Just A Quick Little Errand

Here’s the thing .. there is no such thing as a quick errand in Mirano.  This has been a very hard lesson to learn, but one that I am attempting to embrace.

Life in the US is always moving fast and while we’ve been traveling for 4-months, we’ve been in larger cities (London, Amsterdam, and Kyiv), which has made is super easy to maintain our life schedule with some minor modifications — Mirano is very different. As I shared in my last post, Mirano is a small town about 40-mins away from Venice. I really wanted to experience the Italian countryside, so rather than staying in Venice, we booked a house in Mirano. I do love the house, but I wasn’t expecting the drastic change in pace. I mean, I knew we were staying in the country, but our research told us there was a bus system, which in my mind would still allow us to get around pretty easily, so I figured we’d be fine.

Fast forward 2-weeks into our stay … so, yes, there is a bus system and there is a posted schedule, but that doesn’t mean the bus actually follows the schedule.  Sometimes the bus comes 5-mins late, sometimes the bus comes 10-mins late, sometimes the bus doesn’t come at all .. and on very few occasions the bus comes on-time — AND the weekend are even worse — which means, life runs on a very different schedule.

Last week, Nolan and I set off for our typical Sunday night trip to the grocery store. I planned ahead and purchased our bus ticket so that we could easily get too and from the store, I put our reusable grocery bags in my backpack, I had my list all prepped & ready, and Nolan was excited for our first big trip to the grocery store, and off we went.

The bus stop is about a 2-mins walk from the house, so we left about 5-mins before the bus was scheduled to arrive.  We arrived at the bus stop with no issues and waited patiently for the bus … which didn’t come at the scheduled time. No big deal, we can wait, and wait we did. The bus arrived about 12-mins late.

Next up, upon arriving at the grocery store, we hopped off the bus and headed into the store. I should have been prepared, but we quickly realized that carts were locked and required a 1 EURO to unlock.  I had no EURO coins and there was no ATM to get cash. Frustration … increasing … but still keeping my cool. I must have had a “look” on my face because a sweet old man came over to the cart corral and gave me a coin.  (Thank you kind old man!)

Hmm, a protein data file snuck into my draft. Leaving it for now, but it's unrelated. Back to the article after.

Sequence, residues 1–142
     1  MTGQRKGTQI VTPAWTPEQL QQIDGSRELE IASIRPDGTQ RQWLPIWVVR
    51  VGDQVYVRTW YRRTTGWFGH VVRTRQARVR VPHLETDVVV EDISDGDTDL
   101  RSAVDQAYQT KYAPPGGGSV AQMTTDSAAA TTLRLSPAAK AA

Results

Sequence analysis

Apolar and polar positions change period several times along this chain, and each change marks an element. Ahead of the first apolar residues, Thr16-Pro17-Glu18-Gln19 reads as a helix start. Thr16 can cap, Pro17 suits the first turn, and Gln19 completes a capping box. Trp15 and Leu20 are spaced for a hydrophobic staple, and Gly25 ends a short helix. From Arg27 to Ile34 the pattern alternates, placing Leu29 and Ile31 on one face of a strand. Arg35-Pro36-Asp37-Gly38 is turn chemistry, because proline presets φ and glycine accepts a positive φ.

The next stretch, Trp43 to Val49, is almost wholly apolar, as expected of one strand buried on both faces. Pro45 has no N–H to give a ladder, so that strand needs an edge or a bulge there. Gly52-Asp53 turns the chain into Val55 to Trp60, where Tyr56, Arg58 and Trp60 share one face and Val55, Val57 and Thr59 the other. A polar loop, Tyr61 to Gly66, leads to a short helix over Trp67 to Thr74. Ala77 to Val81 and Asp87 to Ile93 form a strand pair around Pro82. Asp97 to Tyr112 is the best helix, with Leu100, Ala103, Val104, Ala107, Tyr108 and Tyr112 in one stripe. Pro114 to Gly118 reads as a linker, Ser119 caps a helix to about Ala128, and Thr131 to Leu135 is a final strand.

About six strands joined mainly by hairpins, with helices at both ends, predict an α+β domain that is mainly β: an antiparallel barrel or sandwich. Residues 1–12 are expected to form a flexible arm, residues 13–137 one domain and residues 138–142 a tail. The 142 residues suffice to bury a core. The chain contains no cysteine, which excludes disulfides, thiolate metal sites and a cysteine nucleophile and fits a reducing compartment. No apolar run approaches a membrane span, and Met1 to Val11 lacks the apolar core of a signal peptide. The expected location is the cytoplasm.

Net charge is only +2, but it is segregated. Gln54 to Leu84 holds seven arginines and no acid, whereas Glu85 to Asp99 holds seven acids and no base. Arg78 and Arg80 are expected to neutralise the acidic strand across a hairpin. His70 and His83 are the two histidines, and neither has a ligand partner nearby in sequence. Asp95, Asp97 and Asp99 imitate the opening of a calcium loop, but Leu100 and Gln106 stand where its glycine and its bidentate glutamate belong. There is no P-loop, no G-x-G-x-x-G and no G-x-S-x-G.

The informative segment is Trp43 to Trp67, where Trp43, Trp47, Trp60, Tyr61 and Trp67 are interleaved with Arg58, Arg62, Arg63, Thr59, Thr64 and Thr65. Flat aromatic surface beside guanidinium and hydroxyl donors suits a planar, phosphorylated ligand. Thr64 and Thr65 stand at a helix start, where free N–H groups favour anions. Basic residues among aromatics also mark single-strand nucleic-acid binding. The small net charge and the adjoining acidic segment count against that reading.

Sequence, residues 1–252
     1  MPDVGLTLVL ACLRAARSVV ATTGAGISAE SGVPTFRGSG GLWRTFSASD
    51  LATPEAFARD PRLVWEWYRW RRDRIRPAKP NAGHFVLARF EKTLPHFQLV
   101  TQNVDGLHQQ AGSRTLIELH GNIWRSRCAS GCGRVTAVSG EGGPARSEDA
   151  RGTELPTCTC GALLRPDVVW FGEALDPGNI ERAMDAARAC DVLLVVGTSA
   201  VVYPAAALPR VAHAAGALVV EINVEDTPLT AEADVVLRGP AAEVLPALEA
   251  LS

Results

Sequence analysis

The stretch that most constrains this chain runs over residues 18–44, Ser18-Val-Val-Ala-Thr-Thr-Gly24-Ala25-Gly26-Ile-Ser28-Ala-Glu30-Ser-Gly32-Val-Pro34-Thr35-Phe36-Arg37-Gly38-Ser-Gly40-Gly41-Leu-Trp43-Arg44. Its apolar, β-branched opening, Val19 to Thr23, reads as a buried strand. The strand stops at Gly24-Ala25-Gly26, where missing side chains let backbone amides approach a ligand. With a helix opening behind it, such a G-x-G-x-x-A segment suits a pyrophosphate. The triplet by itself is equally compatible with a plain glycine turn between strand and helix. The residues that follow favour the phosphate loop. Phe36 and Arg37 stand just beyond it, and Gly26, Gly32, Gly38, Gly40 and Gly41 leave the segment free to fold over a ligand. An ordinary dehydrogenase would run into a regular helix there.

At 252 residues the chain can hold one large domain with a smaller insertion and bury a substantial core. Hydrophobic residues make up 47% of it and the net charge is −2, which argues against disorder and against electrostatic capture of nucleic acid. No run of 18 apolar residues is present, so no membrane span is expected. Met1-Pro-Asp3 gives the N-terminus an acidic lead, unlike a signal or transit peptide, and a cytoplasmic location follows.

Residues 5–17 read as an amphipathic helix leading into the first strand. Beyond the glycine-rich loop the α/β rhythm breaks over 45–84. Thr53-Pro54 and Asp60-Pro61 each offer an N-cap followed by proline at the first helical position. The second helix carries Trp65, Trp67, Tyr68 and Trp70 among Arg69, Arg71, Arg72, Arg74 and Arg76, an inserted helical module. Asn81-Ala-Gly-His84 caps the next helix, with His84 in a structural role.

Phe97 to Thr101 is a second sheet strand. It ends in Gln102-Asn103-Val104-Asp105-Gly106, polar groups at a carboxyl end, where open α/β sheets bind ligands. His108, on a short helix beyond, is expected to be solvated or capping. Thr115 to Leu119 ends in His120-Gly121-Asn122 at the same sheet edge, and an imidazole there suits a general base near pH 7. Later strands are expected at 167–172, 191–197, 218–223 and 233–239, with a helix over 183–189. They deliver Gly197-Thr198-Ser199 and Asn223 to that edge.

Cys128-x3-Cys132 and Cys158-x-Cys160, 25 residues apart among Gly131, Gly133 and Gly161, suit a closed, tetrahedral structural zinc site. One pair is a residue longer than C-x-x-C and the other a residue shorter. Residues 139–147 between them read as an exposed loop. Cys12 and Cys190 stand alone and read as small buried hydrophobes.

Once in the grocery store, we found most everything we needed, but it did take a very long time. It’s always hard to figure out a new store layout, all the labels in Italian, so I have to use my phone to translate, and learning the general shopping process takes time.  For example, you have to print your own labels for all the produce using a scale and label maker (which is only in Italian).  I also went on a black bean hunt for about 10-mins before giving up the search. In the end, the only item I didn’t end up finding were the black beans.

With a full cart, we headed to the check-out.  The only check-out lines open were self-checkout — ok, we can do this — thankfully, the computer offered an English, so we were in good shape.  I quickly scanned my groceries, paid, and carefully packed everything up in my (2) bags.

As I turned around, Nolan was standing behind the gated self-checkout area.  At this point, I should explain that the grocery store entrance and exit is gated.  To leave the actual checkout area you must scan your receipt, which you can only scan once.  Nolan had used the receipt to scan himself out, leaving me behind the gate.  (Frustration level … further increasing, but attempting to keep it together.) The self-checkout attendant came over, scanned her badge to let me out, and proceeded to politely reprimand Nolan in Italian while shaking her finger.  I just said “graci” and we quickly headed for the doors.

As we headed back to the bus stop I check my watch, I should also explain the buses only come every 20-mins and as I shared earlier, rarely are one-time, so we made a mad dash for the bus stop. Assuming the bus was a bit late, we would make it to the stop before it arrived.  As we were approaching the bus stop, the bus passes us making it to the stop exactly on-time.  GREAT, the one time I need the bus to be just 2-mins late is the one time it is perfectly on time. So we missed the bus … meaning, we were in for a long wait.

As we sat at the bus stop waiting for the next bus, I started to cry. I was so frustrated. Our simple little errand went wrong in almost every possible way.  All I wanted was to run to the store to get our food for the week, but we were going to end up wasting over 2-hours. I looked over and Nolan was playing “ninja” with a palm branch he found on the ground with little care in the world.

I thought to myself, why exactly am I so upset.  So what if our trip took longer than I wanted. Nolan and I were together, we had a lovely time, and we were accomplishing our task — while ten times slower than I wanted … the task itself was still going to be completed. Besides, isn’t this exactly what I wanted — to experience the Italian countryside?  Careful what you wish for, right??

Looking back, I can laugh at myself now, but at the time, I was positive we should just pack up and leave. You’d think by now, I would be better at adjusting to life in a new place, but it really never gets easier.

Traveling is still hard. I try to focus on the bigger adventure, not on the small challenges, but with that said, I am very much looking forward to my first trip to Target upon returning to the US. Knowing where to FIND peanut butter, being able to READ labels, having the option of ASKING an employee if I need help — such luxuries!

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